While there doesn't seem to be any positive news coming out of Syria lately, the controversy surrounding the country's first lady, Asma al-Assad and Vogue fashion writer, Joan Juliet Buck, borders on comical. Sort of.
If you don't know the details, read on.
Asma al-Assad vs. Joan Juliet Buck
In December 2010, Vogue sent veteran reporter Joan Juliet Buck to Damascus to interview the first lady of Syria. The 35 year-old British born Asma al-Assad was viewed as part of the fresh leadership that her husband would to bring to the country after decades of his father's brutal dictatorship. It didn't hurt that Asma is beautiful, thin, and wears designer clothes.
Buck spent several weeks in Syria with the Assads and, upon returning to New York, wrote a glowing piece about the first lady, crowning it with the unfortunate title, A Rose in the Desert. Among other things, Buck wrote that Asma al-Assad is "glamorous, young, and very chic--the freshest and most magnetic of first ladies," and a "wildly democratic" woman in "the safest country in the Middle East."
At the same time that Buck was typing up praise for Asma al-Assad, protests across the Middle East were bringing down dictatorships in Egypt and Tunisia. When Buck submitted her article to Vogue, uprisings were beginning in Syria. The iconic fashion magazine printed the piece just as images of murdered Syrian civilians and slaughtered Syrian children were appearing on CNN. The culprit? The government of Syria, headed by Asma al-Assad's husband, Bashar al-Assad.
Vogue readers were infuriated with Buck's article, especially when it was revealed that as Syria burned, the "glamorous" and "chic" Asma was spending hundreds of thousands of dollars on art, furniture, and haute couture.
"A Rose in the Desert" : Asma al-Assad in the ill-timed Vogue article
As more images of murdered protestors began to pour out of Syria, backlash began to mount from Vogue readers. Deciding that an article praising the wife a baby-killer just wasn't in line with Vogue's ideals, Anna Wintour, the magazine's editor, finally pulled "A Rose in the Desert" from the company web site and released a statement condemning the al-Assads. Wintour then went on to fire Joan Juliet Buck, the article's author.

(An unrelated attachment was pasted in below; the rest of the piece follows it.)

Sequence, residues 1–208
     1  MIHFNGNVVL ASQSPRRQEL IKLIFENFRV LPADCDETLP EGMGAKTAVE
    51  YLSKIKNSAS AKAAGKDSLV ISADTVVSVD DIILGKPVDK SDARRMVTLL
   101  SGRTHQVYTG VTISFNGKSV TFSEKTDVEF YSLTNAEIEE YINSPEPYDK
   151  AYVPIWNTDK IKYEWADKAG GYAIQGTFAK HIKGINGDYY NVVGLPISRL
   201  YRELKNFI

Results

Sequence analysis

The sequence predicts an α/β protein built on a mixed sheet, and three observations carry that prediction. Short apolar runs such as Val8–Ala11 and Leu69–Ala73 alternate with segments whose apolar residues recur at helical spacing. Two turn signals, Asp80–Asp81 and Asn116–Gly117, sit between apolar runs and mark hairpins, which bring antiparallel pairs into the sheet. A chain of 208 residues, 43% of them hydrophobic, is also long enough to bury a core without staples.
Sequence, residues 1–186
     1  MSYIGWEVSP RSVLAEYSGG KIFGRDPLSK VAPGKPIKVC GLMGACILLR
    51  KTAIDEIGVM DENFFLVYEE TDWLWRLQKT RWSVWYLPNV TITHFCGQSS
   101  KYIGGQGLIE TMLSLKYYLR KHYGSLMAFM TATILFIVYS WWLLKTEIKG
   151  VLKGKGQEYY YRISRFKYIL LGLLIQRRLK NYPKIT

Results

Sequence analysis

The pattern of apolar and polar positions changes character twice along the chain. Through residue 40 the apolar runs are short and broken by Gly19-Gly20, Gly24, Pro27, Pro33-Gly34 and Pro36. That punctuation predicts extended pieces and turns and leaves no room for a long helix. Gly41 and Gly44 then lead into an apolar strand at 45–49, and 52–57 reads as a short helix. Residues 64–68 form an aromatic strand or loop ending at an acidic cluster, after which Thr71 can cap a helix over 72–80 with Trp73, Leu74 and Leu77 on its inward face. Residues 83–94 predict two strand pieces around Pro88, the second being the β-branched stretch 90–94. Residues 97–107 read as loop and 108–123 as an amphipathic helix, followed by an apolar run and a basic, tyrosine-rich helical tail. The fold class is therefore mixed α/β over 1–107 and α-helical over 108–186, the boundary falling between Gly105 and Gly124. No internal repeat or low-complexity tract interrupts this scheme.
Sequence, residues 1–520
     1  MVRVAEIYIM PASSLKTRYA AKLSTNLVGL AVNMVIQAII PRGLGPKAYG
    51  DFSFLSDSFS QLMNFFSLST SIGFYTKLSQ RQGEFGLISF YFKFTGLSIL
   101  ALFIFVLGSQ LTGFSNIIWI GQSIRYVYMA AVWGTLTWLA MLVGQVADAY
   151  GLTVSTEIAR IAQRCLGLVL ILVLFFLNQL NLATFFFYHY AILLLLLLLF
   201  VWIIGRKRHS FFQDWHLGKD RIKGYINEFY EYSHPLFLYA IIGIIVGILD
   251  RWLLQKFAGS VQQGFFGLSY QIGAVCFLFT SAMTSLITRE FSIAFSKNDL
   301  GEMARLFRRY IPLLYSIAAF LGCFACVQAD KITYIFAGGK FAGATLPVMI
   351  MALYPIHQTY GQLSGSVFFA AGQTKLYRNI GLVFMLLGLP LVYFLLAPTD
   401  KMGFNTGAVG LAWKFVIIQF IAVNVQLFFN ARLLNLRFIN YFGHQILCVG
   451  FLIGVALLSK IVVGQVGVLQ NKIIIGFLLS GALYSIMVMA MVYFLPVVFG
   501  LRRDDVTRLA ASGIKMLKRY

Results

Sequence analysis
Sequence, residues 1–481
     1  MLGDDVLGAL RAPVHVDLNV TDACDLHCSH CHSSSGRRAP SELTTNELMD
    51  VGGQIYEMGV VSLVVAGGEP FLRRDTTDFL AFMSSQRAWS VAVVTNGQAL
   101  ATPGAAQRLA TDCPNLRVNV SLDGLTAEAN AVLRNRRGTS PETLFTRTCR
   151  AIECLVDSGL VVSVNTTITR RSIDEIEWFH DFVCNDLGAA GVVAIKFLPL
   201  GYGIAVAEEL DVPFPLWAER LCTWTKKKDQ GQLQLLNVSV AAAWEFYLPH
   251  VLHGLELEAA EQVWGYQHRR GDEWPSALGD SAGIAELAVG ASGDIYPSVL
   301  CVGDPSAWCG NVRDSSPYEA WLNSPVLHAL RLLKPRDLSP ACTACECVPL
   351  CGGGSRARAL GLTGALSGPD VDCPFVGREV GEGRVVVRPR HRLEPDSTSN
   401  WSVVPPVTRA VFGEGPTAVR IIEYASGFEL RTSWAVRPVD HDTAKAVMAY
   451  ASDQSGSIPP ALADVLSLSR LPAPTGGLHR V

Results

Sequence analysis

In what appears to be an attempt to save her reputation and salvage whatever is left of her journalistic integrity, Buck wrote a 3,000 word mea culpa for The Daily Beast explaining what "really happened" in Syria. Always one for great titles, Buck's newest article is called "Mrs. Assad Duped Me." Although there are interesting aspects to this new piece (i.e., Buck describes Asma al-Assad making a group of children cry just for fun), it does little to redeem Buck. In fact, Britain's The Guardian noted that Buck's "mea culpa is almost as disastrous as the initial interview."
Perhaps the most amusing line of Buck's mea culpa is her reflection upon her initial anxieties about traveling to Damascus. "Syria," she writes. "The name itself sounded sinister, like syringe or hiss." That sentence sparked its own Twitter hashtag, #countriesbyvoguewriters, where users tweeted their own versions of the line: "Chad. The name itself sounded like my Lehman Brothers ex-boyfriend," "Turkey. The name itself sounded fattening," and "Czech Republic. The name itself sounded like what I should have done before I wrote that Vogue article."
The rest of the piece is a denouncement of sorts of the al-Assads, mixed in with awkwardly-placed fashion observations. For example, Buck notes that her minders in Syria wore "shoes from the 1980s and curiously ill-fitting leather jackets over thick sweaters," though she didn't seem bothered by the fact that they were tracking her every move in Damascus.
No one is quite sure what's happened to Asma al-Assad now that fighting in Syria has worsened. Because she's a British national, she could easily return home to England, but she hasn't done that. She's rumored to have taken her children and fled to Moscow, but the Russian government denies that she's there.
Unfortunately, her situation is such that she may go the way of other first ladies married to dictators, namely Marie Antoinette or Elena Causecscu. Let's hope not.
Perhaps next time Vogue will think a little more before sending a fashion journalist to a dictatorship on the brink of civil war. Just don't hold your breath.